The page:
Please Kill My Dog

“The Ethicist,” whom I have not harassed for a while, a.k.a Ariel Kaminer, handles this week an odd query from a woman who has been asked by an elderly friend to pledge to euthanize her dog after she dies. Kaminer, as she often does, makes the issue more complicated than it is and muddles things by implying some kind of inconsistency on the part of pet owners who find the request unethical but who will dine on cooked animal flesh this evening. She even had to consult Peter Singer, the controversial Princeton ethicist, about whether an animal has a “right to life.”

Every living thing has a right to life, and also a right to live, which is why eating other animals as humans have evolved to do is not incontrovertibly  unethical. Killing an animal just because you can, or because it makes you happy, or because you have convinced yourself that it wants to die when in fact it doesn’t, however, is incontrovertibly unethical. Continue reading

PETA’s Definition of Being Ethical to Animals: Kill Them dead, and maybe PETA will leave you alone...

I have long believed that PETA, the Norfolk, Virginia-based “People for the Ethical Treatment of Animals,” not only gave ethics a bad name, but also people, and you might as well throw in pita bread while you’re at it. This conviction was partially based on such stunts as PETA’s using Michelle Obama in ads without her permission and offering to pay Octomom money to put a billboard on her lawn comparing herself to an overly fecund pet.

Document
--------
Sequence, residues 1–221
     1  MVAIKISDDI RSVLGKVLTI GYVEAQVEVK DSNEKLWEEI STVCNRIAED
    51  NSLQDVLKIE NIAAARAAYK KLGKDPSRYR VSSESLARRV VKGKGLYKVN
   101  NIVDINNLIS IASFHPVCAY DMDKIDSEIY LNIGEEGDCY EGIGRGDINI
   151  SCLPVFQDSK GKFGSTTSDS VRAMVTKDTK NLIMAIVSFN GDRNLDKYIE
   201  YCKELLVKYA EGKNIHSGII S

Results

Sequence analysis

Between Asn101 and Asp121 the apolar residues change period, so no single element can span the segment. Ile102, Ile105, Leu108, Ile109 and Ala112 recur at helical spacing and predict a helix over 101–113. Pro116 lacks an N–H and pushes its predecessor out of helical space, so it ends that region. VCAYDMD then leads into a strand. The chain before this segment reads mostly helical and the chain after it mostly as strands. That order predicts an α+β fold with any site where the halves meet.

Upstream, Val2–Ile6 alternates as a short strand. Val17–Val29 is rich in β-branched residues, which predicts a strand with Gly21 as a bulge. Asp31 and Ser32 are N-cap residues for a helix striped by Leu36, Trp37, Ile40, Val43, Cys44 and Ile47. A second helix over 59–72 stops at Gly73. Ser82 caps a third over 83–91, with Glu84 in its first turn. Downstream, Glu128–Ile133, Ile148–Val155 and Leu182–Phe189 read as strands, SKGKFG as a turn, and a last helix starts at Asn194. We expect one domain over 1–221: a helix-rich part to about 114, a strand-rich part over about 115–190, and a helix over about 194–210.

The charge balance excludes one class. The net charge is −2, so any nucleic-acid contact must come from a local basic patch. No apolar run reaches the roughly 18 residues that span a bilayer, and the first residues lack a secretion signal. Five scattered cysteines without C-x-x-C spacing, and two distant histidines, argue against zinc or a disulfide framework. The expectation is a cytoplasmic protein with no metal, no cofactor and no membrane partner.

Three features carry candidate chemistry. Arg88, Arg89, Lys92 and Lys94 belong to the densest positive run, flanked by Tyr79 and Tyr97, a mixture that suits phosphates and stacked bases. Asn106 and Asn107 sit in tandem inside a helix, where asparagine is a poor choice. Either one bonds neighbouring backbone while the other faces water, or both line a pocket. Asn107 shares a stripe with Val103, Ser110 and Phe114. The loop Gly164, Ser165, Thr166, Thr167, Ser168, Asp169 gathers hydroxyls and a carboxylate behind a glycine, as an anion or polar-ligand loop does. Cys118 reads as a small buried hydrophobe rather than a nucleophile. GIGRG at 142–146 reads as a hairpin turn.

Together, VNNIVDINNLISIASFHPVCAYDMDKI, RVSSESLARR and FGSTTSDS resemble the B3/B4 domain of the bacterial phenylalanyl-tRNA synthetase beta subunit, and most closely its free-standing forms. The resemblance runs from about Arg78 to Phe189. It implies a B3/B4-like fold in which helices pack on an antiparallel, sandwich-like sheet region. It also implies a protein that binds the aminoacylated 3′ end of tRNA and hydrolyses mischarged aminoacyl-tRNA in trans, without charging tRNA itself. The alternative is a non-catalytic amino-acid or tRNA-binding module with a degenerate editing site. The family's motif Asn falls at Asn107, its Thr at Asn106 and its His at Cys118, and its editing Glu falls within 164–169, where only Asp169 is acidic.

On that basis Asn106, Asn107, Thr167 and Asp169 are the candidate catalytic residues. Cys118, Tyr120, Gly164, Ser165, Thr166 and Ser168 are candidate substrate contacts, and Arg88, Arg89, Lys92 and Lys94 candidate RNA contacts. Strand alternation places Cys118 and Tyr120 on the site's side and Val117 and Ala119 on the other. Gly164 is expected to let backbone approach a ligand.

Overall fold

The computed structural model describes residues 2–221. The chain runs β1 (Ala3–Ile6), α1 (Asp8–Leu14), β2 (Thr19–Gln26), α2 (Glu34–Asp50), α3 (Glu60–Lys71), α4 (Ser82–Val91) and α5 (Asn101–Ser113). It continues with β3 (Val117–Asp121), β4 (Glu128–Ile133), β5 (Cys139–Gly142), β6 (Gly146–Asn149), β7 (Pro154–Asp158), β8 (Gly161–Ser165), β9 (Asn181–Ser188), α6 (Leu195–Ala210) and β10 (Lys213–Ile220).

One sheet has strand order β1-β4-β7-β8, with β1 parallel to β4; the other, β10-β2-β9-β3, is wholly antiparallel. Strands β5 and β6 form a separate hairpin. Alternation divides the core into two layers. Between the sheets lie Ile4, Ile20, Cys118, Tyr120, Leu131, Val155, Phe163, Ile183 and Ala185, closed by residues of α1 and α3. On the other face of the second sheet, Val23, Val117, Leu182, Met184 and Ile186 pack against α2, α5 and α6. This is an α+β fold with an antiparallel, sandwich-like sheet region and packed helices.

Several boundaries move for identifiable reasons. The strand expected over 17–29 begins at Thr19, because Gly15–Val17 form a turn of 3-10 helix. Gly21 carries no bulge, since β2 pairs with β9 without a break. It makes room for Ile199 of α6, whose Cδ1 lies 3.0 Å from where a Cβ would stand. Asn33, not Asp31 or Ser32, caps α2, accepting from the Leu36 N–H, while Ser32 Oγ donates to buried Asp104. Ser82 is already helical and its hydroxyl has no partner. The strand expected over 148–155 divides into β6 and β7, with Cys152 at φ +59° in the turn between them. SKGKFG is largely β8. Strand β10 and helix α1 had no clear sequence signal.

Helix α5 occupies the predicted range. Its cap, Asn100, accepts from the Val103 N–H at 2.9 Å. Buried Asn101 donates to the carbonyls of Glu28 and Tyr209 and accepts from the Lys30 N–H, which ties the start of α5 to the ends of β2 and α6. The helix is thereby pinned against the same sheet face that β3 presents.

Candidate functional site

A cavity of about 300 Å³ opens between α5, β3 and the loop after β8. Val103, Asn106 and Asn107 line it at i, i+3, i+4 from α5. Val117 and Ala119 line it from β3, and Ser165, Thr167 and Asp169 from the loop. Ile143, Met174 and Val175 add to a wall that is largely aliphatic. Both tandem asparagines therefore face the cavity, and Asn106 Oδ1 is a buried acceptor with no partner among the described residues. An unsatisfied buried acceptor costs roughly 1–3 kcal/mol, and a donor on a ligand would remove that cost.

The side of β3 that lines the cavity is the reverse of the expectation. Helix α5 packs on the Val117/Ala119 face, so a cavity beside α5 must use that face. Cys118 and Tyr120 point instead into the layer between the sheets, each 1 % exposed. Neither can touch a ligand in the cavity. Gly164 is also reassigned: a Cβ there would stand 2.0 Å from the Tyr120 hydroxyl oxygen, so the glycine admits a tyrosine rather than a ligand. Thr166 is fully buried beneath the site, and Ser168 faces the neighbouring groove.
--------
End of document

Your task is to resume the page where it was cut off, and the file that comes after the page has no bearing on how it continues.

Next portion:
Then there is PETA’s fondness for killing puppies and kittens. Continue reading

Unavoidable Bias in the Embryonic Stem Cell Research Controversy

In the embryonic stem cell research ethics debate, I come out on the “pro” side. Nonetheless, a New York Times article this morning shows clearly how thoroughly and unavoidably biased scientists and researchers in the field are, leading to the conclusion that the decision whether stem cell research is ethical or not, and whether, or to what extent, it should be permitted, cannot be left to them.

The article, by Amy Harmon, begins,

“Rushing to work at Cincinnati Children’s Hospital Medical Center one recent morning, Jason Spence, 33, grabbed a moment during breakfast to type “stem cells” into Google and click for the last 24 hours of news. It is a routine he has performed daily in the six weeks since a Federal District Court ruling put the future of his research in jeopardy. “It’s always at the front of my brain when I wake up,” said Dr. Spence, who has spent four years training to turn stem cells derived from human embryos into pancreatic tissue in the hope of helping diabetes patients. “You have this career plan to do all of this research, and the thought that they could just shut it off is pretty nerve-racking.” Continue reading